Tha ’nan laigh’ air na slèibhtean ud thall,
Gun chiste, gun lèintean,
Gun adhlacadh fhèin anns na tuill;
Woe is me! The white bodies
That lie out on yonder hillsides,
Not even buried in holes;
Chuid tha beò dhiubh an dèidh sgaoilidh
’S iad gam fògair le gaothan thar tuinn,
Fhuair na Chuigs an toil fhèin dinn,
’S cha chan iad ach ‘reubaltaich’ ruinn.
Those who survived the disaster
Are carried to exile o’erseas by the winds,
The Whigs have got their will of us,
And ‘rebels’ the name that we’re given.
The above extract taken from Highland Songs of the Forty-five, edited by John Lorne Campbell.
Culloden Anniversary 2015
18th April 2015
The anniversary address by this year’s chief
(Prof) Matthew M MacIver, CBE
Madainn mhath a chàirdean.
Tha e math a bhith còmhla ribh an-diugh aig an àite sònraichte tha seo a’ cuimhneachadh na thachair an seo. ‘S e urram mòr tha seo dhòmhsa agus na adhbhar smaoineachaidh dhomh.
“Oh, Drumossie, thy bleak moor shall, ere many generations have passed away, be stained with the best blood of the Highlands”. So, allegedly said the Brahan Seer , Coinneach Odhar (Kenneth Mackenzie), as he passed this place sometime in the first half of the 17th century.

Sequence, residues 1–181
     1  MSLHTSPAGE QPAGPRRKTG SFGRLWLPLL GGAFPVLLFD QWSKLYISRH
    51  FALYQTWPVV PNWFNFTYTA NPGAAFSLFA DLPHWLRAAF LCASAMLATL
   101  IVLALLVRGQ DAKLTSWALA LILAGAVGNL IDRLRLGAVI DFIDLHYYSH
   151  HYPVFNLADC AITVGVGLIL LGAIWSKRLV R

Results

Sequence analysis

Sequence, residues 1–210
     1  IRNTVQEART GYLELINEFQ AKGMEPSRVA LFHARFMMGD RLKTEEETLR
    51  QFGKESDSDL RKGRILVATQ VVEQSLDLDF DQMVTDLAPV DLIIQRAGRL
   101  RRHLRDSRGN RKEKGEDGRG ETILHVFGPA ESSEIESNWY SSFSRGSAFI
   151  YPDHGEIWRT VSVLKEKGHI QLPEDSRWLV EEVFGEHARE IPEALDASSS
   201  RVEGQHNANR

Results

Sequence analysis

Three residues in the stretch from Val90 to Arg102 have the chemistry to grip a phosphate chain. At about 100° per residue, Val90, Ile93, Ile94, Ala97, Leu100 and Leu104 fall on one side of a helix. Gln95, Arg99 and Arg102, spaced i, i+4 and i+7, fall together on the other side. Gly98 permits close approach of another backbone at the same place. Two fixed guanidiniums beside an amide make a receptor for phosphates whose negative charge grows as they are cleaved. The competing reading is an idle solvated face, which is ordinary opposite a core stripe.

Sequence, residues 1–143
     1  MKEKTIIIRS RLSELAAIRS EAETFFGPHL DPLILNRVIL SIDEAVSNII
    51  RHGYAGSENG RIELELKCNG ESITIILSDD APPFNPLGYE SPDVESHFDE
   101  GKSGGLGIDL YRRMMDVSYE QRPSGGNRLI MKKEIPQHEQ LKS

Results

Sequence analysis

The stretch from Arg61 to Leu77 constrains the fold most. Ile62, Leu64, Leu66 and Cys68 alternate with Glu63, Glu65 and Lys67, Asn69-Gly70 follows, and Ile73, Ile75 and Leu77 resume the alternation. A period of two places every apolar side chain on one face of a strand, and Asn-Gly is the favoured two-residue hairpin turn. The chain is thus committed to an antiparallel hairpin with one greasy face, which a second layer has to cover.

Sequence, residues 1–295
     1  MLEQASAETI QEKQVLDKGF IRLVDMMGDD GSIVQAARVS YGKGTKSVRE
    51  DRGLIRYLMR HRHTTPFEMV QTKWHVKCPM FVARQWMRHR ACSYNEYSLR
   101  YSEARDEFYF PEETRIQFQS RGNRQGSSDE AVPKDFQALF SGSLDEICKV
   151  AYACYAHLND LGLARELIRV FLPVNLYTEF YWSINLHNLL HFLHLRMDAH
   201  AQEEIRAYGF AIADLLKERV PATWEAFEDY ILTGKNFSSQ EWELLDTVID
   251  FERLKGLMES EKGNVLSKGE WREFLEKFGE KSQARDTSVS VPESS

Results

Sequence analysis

As with so many of his prophesies he was correct. This place is indeed stained. And it is to honour those who did shed their blood on this field 269 years ago that we gather here today.
It is a great privilege for me to be here this morning representing the Gaelic Society of Inverness at this Culloden Commemoration Service. I became a member of the Society in 1979 having been introduced by a great stalwart of the Society, Domhnall Ailein Mac Ill Eathain from North Uist. Since that time I have presented papers to the Society both in English and Gaelic. I have attended meetings. But I never dreamed for one minute that I would become its Chief. It is a great personal honour; and doubly so, because I follow in the footsteps of Dr Margaret Bennett, my former classmate at the Nicolson Institute in Stornoway.